GOLD hedging – selling gold at a pre-determined price before it is mined – became a dirty couple of words in the mining industry as the price of bullion began to increase up to and for a short period after the 2008/9 global economic and financial crisis.
At that point, gold was about $800/oz before adding $1,000 to its value by 2011 when it traded at about $1,800/oz. Locking in profits in the teeth of a bull market hardly made any sense.
In any event, investors could all too well remember the travails of Ashanti Goldfields which almost when bankrupt after burning its fingers on exotic derivatives contracts. AngloGold Ashanti, meanwhile, paid $1,300 per gold ounce to cancel its hedge book in 2010 at a cost of $2.6bn – it was a painful exercise, but it saved itself billions of dollars over the next few years as gold soared.
Funny, then, that gold hedging had made a minor comeback in the first quarter of 2016.
According to JP Morgan Cazenove’s commodity team, some 79.6 tonnes of hedging was announced in the first quarter compared to only 9.2 tonnes in the whole of 2015. What’s strange about this is that gold staged a revival in the first quarter of this year after several years of retraction – a development that suggests investors think the recovery of bullion could give way to volatility.
“JPM feels that hedging strategy in Q1 shifted from protecting specific projects at the beginning of the quarter towards more strategic though still short duration hedging towards the end as producers found it increasingly more prudent to lock in hard earned profits,” said John Bridges, an analyst for JP Morgan.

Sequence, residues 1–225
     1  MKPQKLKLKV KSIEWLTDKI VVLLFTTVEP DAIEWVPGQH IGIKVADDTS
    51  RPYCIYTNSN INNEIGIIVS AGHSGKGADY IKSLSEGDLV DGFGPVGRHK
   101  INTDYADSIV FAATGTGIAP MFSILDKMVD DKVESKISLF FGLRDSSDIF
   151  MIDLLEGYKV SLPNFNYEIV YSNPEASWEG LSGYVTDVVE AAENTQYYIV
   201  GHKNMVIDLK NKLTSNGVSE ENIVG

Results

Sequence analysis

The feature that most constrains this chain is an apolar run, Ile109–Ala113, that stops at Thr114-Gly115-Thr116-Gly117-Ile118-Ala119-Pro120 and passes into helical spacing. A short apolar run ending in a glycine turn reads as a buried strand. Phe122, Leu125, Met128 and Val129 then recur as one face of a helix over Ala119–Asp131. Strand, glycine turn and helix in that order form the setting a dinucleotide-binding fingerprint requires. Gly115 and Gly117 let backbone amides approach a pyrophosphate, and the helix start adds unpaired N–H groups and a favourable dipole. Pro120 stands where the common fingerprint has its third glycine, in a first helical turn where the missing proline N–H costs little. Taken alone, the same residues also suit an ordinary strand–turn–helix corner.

The view of Nick Holland, CEO of Gold Fields, is that banks might be concerned gold is peaking hence the pressure on their clients to take advantage of the strong price now.
“I understand if people feel pressure to do it and if they do it in small chunks maybe it’s not that bad,” he said. “Remember that global [gold] supply is probably 2,000 tonnes. So if you annualise it [79 tonnes over 12 months is 6.6 tonnes a month] it’s still quite small,” he said.
“Philosophically, we don’t believe in the risk,” said Holland. “We don’t believe in putting a product on to the market before you’ve even produced it,” he added.
Peter Steenkamp, CEO of Harmony Gold, acknowledged hedging metal was “a tool you can use”, but his company’s preference has been to hedge the currency as an alternative means of minimising gold market volatility.
Harmony announced in February that it would hedge about a third of its rand receipts for about R6.2bn. In other words, it has established a minimum and maximum exchange rate at which its future dollar gold sale proceeds could be exchanged into rands. “This has stood us in good stead with all the volatility in the currency this year,” said Steenkamp.
He added that the group would keep an eye out as to a good time to lock in gold sales, a tactic to which Randgold Resources CEO, Mark Bristow, also said he was not averse to. “We do it when we’re starting up a project or closing it; for instance, we hedged the final production of Morila [a gold mine in Mali] just to enable us to push it to shore,” he said.
Bristow doesn’t believe now is good time to hedge generally, however. “Large scale hedging is a joke. And the stars are aligning for another gold bull run which you’re seeing with all the political turmoil across the globe,” he added.
Said Holland: “The long-term fundamentals for gold a very positive with production having come off last year. Central banks are buying; ETF [exchange traded funds] have gone up.
“The fundamentals are good but it’s going to take a while to run through the system. We haven’t seen that yet, but I think between now and then you can expect some volatility,” he said.